With respect to the actual damage inflicted on Japan’s rice industry as a whole, Mr. Fuji put it as a minuscule 1%. With the earthquake, tsunami, and radiation factors, only 100,000 tons of rice were lost in all of the affected prefectures. He said that, of the 23,000 hectares of agricultural land affected, 20,000 hectares were rice production areas.

Mr. Fuji went on to describe the 500-Becquerel limit imposed by the Japanese government and how the agricultural community went on to carry out this safety policy. He indicated that, in all the test samples taken of unpolished genmai rice (the most likely to test positive for radiation because the outer bran layer has not been removed), no figures rose above the 500-Bq limit. However, he went on to say that tested samples that have higher values, such as 480 Bq, would not appear on supermarket shelves. Instead, the local agricultural associations (such as Japan Agriculture) would buy the rice themselves so that farmers would not lose profits. What was then done with the slightly tainted rice was not further explained. Since this interview, a few cases of contaminated rice found in supermarkets have been reported and Fukushima Prefecture was not allowed to sell any rice as of early December. Mr. Fuji stated that this protocol (and other information discussed by him) is outlined in detail on the Ministry of Agriculture, Forestry, and Fisheries Web site.

A problem of salt
The most immediate effort by the rice industry, in cooperation with the governments of various levels, is the removal of salt from brine-damaged rice paddies affected by the tsunami. Mr. Fuji said, with no hesitation, that the government is supporting the farmers on a financial and advisory level in this area.

The Ministry of Agriculture, Forestry, and Fisheries has projected that clean-up of agricultural land, reconstruction of paddies, and removal of rubble, debris, and brine will be completed by 2014. The radiation problem, on the other hand, was not an easy question to answer. After a slight pause, he said that nothing has been decided by the government on this issue.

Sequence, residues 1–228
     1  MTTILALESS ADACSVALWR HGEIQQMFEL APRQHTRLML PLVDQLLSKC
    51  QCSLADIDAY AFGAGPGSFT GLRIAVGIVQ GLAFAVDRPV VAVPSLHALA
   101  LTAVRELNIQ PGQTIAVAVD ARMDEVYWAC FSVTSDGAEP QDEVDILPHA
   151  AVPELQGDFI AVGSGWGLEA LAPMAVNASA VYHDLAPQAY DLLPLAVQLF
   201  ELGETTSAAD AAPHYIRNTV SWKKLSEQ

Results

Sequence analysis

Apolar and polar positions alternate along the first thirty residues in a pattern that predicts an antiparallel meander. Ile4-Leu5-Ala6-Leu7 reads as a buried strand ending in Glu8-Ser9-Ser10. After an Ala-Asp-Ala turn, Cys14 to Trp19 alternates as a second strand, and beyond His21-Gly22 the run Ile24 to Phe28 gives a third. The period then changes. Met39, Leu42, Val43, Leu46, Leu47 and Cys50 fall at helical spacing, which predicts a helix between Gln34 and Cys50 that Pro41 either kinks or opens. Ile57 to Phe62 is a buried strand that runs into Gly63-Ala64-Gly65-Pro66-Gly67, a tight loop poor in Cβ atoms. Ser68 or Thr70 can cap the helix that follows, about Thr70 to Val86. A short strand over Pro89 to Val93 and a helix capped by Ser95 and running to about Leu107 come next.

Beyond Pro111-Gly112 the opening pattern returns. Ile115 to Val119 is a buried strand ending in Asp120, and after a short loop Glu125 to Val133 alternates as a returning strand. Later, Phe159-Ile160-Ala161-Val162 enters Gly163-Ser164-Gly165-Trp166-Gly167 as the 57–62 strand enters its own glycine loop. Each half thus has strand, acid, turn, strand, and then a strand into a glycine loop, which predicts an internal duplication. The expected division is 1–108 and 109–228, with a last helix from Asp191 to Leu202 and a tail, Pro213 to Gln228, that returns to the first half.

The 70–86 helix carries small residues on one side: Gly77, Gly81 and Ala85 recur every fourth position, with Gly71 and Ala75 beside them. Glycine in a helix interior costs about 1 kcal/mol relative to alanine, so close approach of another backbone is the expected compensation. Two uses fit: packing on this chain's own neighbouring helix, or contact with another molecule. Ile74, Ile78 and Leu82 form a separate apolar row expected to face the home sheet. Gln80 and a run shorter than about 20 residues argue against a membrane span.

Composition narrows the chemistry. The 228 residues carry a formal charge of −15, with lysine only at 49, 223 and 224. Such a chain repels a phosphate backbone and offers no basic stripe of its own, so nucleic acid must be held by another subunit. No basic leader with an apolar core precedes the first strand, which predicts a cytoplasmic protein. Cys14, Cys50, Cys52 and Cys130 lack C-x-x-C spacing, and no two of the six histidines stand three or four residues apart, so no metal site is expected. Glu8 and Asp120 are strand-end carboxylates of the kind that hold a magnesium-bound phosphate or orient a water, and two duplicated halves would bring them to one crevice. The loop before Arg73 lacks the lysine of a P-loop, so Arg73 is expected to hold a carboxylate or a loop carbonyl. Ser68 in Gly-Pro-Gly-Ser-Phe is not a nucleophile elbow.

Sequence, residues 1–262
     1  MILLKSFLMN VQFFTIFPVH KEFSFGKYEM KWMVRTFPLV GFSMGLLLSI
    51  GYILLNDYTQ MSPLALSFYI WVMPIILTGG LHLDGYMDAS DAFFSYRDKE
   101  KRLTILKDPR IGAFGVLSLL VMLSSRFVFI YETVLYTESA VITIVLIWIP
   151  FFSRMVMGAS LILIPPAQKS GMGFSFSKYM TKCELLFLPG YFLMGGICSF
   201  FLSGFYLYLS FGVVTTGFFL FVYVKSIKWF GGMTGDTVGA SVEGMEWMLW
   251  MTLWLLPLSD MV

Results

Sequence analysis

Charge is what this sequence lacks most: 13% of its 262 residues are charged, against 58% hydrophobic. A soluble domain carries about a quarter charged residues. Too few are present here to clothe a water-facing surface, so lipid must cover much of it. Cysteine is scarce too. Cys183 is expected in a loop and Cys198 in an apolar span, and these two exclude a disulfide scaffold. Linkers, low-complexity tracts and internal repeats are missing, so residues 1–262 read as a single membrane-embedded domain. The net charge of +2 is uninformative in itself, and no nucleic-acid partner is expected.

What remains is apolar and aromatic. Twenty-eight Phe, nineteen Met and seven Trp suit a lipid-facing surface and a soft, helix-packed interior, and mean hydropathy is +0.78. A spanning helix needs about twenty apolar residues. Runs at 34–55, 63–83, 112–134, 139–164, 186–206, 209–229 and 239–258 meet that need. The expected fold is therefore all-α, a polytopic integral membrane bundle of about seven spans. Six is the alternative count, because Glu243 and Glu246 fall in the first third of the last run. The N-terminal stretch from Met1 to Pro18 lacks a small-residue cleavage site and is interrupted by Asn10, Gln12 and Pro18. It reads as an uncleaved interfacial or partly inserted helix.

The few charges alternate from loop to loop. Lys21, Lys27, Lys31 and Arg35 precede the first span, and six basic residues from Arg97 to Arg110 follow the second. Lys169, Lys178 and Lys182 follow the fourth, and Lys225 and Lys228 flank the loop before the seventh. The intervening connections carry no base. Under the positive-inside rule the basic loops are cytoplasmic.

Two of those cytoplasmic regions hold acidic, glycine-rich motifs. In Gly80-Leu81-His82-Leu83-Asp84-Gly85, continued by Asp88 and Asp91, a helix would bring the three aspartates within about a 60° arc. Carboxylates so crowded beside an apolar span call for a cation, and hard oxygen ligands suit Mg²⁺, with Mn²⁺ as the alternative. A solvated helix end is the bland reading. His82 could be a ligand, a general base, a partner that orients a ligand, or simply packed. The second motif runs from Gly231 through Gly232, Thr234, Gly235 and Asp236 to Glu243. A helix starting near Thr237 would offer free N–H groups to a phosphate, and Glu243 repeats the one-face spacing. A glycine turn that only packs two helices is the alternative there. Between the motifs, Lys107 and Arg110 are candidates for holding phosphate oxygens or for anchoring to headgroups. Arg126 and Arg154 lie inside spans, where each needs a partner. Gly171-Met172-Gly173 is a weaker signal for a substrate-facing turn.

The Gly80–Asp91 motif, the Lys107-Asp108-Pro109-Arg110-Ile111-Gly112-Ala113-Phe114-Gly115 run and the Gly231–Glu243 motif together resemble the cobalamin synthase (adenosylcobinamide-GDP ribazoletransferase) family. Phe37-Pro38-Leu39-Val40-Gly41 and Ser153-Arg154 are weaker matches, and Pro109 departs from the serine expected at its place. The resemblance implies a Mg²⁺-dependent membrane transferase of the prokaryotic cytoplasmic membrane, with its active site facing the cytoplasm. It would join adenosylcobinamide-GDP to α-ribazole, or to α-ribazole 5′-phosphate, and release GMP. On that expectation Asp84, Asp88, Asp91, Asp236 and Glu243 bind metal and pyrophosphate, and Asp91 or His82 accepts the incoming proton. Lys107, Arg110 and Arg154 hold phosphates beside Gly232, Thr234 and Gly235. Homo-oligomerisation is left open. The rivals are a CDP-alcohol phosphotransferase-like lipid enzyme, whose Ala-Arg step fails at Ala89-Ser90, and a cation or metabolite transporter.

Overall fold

“First of all, the no-entry zone of 30 km poses its own problems, but the topsoil of the surrounding areas is a long-term issue, which no one seems to be addressing yet,” he said.

In an interview with Philippe Nibelle of Aizu University, a 9-year resident of Aizu Wakamatsu in Fukushima Prefecture, he indicated that since the 30- km zone has been recently reduced to 20 km, some farmers have returned to their properties. However, they do not have the finances to remove the top layer of contaminated soil from their fields in order to put in a crop for next year. He said they are not receiving any financial support from the government (either federal or prefectural). Hence, the farmers have not benefited from the reduction of the 30-km no-entry zone. One “topsoil” issue, which seems to have been immediately dealt with, is that of local elementary, junior high, and high schools. These schools have removed the top few centimeters of soil from playgrounds.

Mr. Fuji further said that concerns about the future capacity for a steady rice supply were paled by the greater concern related to consumer confidence in future Tohoku rice products. Beyond the 30-km no-entry zone, successful rice growth because of effective brine removal in tsunami areas (spring 2011) also points to a productive 2012.

Ms. Jennifer Toews-Shimizu joined as consultant, Communication and Publications Services